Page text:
Hi again, so I wanted to share a bit of detail about my latest OCS 4K. This one uses the 320×180 widescreen setup (DIWSTRT,$5281; DIWSTOP,$06c1), which turned out OK I think. It also means one frame of one bitplane takes up 40*180=7,200 bytes, and we can have 32 frames for a bargain 230,400 bytes (and that’s key to the technical design of this intro).
So, for setup we calculate two tables, each with an 8-bit value for each pixel. Firstly distance from center, and secondly the radial angle. The angle routine uses atan2 and is inaccurate around the edges, which you can notice on the “spiral” screen where there is a distortion around some diagonal lines. But this wasn’t noticeable on the stream, so. Oh, and I also want to mention that the Cinter init routine actually calculates a huge sine table. I used that for the reverse cosine lookup.
So for each effect 32 anim frames get rendered to a back buffer in fastmem, and when it’s complete it gets copied to chipmem. Each effect follows the same pattern for better compression: Spin for a few seconds, add a bitplane, add another bitplane, reverse spin, etc. Spin is just done by increasing (or decreasing) a pointer to the framenumber and ANDing it with #$1f. Pretty efficient.
So the actual rendering routine works like a crummy shader. It has access to the angle and distance table for each pixel, and each effect is a variation on this. Mostly they use a 32bit pattern where we use the angle of the pixel to determine if it should be set or clear. This is the pattern for the one from the screenshot:
dc.l %11000000000000000000000000000011 dc.l %11000000000000000000000000000011 dc.l %11100111001110011100111001110011 dc.l %11000000000000000000000000000011 dc.l %11100111001110011100111001110011 dc.l %11000000000000000000000000000011 dc.l %11100111001110011100111001110011 dc.l %01100000000000000000000000000110 dc.l %01111111111111111111111111111100 dc.l %00111111111111111111111111111000 dc.l %00011111111111111111111111110000 dc.l %00001111111111111111111111100000 dc.l %00000111111111111111111111000000 dc.l %00000011111111111111111110000000 dc.l %00000001111111111111111100000000 dc.l %00000000111111111111111000000000 dc.l %00000000011111111111110000000000 dc.l %00000000001111111111100000000000 dc.l %00000000000111111111000000000000 dc.l %00000000000011111110000000000000 dc.l %00000000000001111100000000000000 dc.l %00000000000000111000000000000000 dc.l %00000000000000010000000000000000 dc.l %00000000000000000000000000000000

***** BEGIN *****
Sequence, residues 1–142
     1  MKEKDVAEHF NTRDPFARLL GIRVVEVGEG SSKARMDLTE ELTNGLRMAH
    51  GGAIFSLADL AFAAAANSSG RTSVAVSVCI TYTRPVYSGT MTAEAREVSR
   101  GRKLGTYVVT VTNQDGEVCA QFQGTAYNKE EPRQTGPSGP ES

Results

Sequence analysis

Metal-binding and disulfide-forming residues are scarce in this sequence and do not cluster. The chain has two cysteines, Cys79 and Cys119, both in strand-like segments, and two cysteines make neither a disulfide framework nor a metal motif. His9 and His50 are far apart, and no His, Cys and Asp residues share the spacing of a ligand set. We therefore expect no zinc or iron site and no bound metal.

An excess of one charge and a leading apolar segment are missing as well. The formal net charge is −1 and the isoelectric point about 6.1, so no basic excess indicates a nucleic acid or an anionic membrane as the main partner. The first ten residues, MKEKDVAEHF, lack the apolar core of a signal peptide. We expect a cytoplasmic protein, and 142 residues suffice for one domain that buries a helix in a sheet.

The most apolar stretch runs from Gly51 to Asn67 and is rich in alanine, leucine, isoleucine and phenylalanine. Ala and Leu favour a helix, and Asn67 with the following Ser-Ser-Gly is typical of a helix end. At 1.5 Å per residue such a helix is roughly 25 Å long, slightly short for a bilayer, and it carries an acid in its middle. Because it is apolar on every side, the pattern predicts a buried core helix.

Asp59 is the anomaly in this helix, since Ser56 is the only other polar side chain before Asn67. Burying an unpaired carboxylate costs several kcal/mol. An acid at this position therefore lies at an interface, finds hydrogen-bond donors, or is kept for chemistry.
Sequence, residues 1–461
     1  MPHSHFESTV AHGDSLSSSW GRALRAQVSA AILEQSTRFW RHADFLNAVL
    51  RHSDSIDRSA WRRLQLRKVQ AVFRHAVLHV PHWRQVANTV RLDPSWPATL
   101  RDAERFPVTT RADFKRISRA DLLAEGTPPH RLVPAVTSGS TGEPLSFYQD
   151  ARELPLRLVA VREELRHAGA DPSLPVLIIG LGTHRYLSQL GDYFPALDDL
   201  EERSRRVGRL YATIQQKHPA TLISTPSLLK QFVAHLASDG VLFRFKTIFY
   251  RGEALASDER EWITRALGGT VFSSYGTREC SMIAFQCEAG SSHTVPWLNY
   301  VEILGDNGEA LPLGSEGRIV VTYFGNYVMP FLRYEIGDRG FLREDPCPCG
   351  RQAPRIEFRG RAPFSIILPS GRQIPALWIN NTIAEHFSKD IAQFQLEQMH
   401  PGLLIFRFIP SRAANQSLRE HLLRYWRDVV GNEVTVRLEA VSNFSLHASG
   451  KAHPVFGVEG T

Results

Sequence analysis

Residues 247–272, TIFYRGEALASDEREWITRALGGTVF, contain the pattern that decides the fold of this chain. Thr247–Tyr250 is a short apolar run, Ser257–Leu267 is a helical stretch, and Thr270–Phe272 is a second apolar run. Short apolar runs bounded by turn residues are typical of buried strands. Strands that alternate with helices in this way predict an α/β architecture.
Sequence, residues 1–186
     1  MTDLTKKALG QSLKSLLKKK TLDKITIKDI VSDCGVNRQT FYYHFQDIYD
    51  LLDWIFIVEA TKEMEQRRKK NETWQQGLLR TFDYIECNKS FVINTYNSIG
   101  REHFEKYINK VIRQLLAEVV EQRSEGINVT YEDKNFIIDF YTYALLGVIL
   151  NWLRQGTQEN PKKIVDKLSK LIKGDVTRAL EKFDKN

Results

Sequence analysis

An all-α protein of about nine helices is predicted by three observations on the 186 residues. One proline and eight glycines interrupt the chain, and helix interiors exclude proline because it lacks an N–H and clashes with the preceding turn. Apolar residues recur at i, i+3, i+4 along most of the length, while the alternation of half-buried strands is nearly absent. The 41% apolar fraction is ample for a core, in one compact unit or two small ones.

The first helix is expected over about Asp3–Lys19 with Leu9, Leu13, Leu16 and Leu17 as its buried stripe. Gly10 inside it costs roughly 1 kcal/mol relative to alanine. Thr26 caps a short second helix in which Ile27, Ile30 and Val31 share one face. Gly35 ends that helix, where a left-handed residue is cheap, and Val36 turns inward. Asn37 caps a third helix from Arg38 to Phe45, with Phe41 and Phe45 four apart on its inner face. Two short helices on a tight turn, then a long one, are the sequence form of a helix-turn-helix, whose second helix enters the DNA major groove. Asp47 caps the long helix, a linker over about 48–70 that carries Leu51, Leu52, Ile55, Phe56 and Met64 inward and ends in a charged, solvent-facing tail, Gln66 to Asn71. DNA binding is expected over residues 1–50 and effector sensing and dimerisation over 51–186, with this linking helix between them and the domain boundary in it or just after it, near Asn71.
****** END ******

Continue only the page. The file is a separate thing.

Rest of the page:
For each frame the comparator is just rol #1’ed. Good thing the angle and distance calculations are pretty crude, or we would have to spend a lot more space on these!
In the end, all the “shader” routines have to be pretty similar to maximize compression. This also means each effect takes very little space by itself (notes from sourcecode for a few of the effects):
; Lines 48 bytes ; Bubbles 68b ; Pogos 72b ; Spiral 52b
Putting in text took about 200B, including the text and all the extra code/copperlist, and of course the endpart is rather different from everything else. I considered taking these out and just shoving in more parts, making it 8 minutes long like Megademica 😊But 1) couldn’t find enough varied effects and 2) that’s too long anyway and 3) I really like the endpart! I would have liked to make some kind of horizontal sine movement on some effects though. But that’s 80 bytes I didn’t have…
Rendering speed is kinda bad. You think it’s slowly paced, but that’s just how long it takes to render the back buffer. Of course it varies from effect to effect but I kept the timings the same for all effects to help the compression. Except I had one variant where I render 2 frames in the same loop, which is used for the first screen so that it doesn’t take too long to start up.
Finally a word about the idea. At first I just wanted to make the first screen, with the radiant lines and spinning. All the other ideas came after I’d started on that, based on the same routine.
So hope that kept you entertained for a bit, keep on coding!